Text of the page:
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Up the Creek

Low Expectations and a River

by Chris Mason, images by Athena Lamberis / 14.02.2011

Up the Creek quickly became Up the Crack, in the lead up to the festival. It was an inevitable play on words that highlighted my expectations of the festival. I had none. So (as humans are prone to do when strapped for knowledge) I talked shit about it. Granted, it was playful shit, cheeky little nuggets, but shit nonetheless. Ignorance may be bliss, but it often breeds contempt.

The road uncoiled out in front of us, climbing up the hill, but we were wedged in. Young black guys hawked a plethora of imported Chinese items on the hot tar, which was jammed with vehicles. Somerset West was constipated, it’s large intestine blocked up by humans escaping the city, the office, their lives, on a Friday afternoon. We too were escapees, our goods packed into the back of an old Land Cruiser called the Whale-fish, desperate to get out of the crush. It was hot and stifled in the traffic, and the marijuana we had just smoked was not mixing well with the heat and the crowds. “Where the fuck are we?!” I shouted, falling out of my reverie to land in the passenger seat, sweating and anxious to get away from all the forlorn faces and into the country.

The road finally opened up, cars thinned. We were out, navigating the interim spaces between cities. Farmlands and birds of prey perched on electricity poles filled me with a sense of calm, while the whale- fish patiently swallowed up the road, taking us along with it.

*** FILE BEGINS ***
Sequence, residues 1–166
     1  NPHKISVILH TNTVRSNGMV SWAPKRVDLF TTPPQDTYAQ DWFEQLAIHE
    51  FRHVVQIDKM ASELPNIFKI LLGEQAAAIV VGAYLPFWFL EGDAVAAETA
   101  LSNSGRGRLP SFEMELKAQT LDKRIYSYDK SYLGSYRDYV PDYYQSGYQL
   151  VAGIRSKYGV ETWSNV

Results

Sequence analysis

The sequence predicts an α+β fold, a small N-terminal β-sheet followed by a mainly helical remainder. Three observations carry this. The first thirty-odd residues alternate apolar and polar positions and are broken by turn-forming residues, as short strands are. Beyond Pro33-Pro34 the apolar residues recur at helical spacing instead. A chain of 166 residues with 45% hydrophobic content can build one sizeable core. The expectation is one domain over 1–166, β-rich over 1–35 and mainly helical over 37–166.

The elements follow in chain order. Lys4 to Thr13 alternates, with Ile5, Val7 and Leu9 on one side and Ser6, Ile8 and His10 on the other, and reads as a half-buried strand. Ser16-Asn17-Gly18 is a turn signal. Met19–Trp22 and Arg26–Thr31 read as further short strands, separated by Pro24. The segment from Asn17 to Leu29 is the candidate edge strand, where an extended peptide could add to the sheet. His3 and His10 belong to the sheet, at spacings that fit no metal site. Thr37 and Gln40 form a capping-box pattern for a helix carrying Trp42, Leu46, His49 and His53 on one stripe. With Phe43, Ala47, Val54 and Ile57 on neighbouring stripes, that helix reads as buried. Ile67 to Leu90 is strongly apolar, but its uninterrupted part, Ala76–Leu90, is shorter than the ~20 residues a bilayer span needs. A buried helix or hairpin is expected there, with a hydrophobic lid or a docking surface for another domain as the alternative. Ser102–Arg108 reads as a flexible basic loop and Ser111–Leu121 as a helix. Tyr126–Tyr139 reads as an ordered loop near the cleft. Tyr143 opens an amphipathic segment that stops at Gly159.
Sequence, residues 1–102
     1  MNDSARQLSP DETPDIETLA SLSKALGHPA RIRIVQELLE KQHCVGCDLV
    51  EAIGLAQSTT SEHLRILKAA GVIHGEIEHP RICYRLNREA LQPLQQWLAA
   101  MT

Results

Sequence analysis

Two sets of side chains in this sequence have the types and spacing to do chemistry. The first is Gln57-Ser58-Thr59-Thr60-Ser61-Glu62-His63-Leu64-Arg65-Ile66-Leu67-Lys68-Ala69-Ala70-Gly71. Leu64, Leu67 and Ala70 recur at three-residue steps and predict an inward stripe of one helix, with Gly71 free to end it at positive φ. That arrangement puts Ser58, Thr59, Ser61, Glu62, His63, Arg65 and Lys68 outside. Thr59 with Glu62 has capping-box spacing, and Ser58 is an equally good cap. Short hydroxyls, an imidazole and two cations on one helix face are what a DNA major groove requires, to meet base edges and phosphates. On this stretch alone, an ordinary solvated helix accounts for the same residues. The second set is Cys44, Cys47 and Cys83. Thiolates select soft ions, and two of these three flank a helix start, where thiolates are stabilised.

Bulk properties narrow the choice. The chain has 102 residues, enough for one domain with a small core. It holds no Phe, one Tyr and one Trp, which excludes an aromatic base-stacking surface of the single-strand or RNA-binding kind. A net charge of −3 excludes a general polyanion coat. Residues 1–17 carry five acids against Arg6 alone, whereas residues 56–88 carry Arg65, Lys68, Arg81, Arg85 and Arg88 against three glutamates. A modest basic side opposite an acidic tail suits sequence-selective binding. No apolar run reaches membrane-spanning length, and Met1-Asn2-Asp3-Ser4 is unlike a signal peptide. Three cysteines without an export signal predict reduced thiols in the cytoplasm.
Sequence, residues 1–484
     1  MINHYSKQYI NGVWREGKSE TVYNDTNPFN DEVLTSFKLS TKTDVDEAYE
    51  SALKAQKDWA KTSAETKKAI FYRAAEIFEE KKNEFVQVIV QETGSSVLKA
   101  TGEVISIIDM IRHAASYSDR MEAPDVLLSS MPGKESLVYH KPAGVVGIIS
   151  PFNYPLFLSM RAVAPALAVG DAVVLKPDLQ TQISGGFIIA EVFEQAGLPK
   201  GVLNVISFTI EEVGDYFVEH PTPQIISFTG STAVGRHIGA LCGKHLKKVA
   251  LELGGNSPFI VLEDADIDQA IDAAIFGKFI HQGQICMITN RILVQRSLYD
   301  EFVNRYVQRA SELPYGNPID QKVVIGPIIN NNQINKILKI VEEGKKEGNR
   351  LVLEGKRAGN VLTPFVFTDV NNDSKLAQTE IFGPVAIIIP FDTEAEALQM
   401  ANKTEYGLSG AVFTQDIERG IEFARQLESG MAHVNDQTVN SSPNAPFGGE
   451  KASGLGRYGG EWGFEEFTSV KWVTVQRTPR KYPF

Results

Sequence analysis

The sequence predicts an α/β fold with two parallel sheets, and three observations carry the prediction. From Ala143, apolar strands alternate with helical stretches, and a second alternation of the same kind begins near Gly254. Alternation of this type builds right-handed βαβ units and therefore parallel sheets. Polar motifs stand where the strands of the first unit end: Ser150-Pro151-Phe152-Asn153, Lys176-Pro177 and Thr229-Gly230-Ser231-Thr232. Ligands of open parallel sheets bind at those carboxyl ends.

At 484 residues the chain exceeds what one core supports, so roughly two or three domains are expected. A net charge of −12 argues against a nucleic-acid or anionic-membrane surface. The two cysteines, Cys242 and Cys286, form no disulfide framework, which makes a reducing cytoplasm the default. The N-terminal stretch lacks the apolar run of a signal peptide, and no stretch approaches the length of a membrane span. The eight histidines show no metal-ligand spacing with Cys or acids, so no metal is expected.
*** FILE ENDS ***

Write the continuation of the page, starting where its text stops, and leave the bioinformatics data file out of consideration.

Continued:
Up the Creek

The destination, found two and a half hours later, was a shale and quartz hillside slanting into the Breede river. Humans abounded, setting up temporary abodes on the rocky terrain. Tents in their hundreds, 2000 temporary inhabitants, and no more, as apparently the tickets were limited.

We drove around in a big circle, cursing the sharp, sloping ground as terrible for sleeping on. The river was unreachable, and all the camp sites close to the epicentre were taken. Only the outskirts, the deserted peripheries remained. Overlooking everything was the hilltop, crowned with a tuft of aloes and prickly pairs. No one had attempted to get to the top. With the Whale-fish we trundled up and found a flat spot at the very top.

Glib in our new status of land owners with the best view, we cheered and slapped backs. Loud, friendly rock wafted up from the stage, above the tents, and laughter followed it.

Up the Creek

The Doctor, who was also the driver, said “I don’t know much, but I know this is no place for acid.” He may have been right. It was not a drug-fuelled neo-hippy stomp to power up Mother Earth. (There were drugs, but they drowned in beer). It was far from the mystic intentions of the money-less give and take of Africa Burns. Yet it was almost equally far from the giant heaving mass of beautiful youngsters that is Rocking the Daisies. It reminded me of a young Splashy Fen. Small, intimate, somewhat uncool. Full to the brim with beer and cheer.

The main tent looked like a giant open-sided barn, made with thick wooden poles and covered in green plastic. Like the enormous spit-braai that fed half the festival, it was home-made, with the distinct marks of a farmer’s ingenuity.

Under that green plastic the music started early on Friday night. As is my wont at music festivals, I didn’t put too much sway in seeing everything. Initial impressions of the line up had been unremarkable, but to their collective credit, and from what I saw, all of the bands gave enthusiastic performances. In a tender moment that evening I even felt an affectionate admiration for the resilience of our embattled musicians. Karen Zoid and Hot Water we heard only from a distance. Watching the Dirty Skirts left me unmoved, sadly, but the Rudimentals stood out with their energetic performance and loud, funky horns. Fade to black.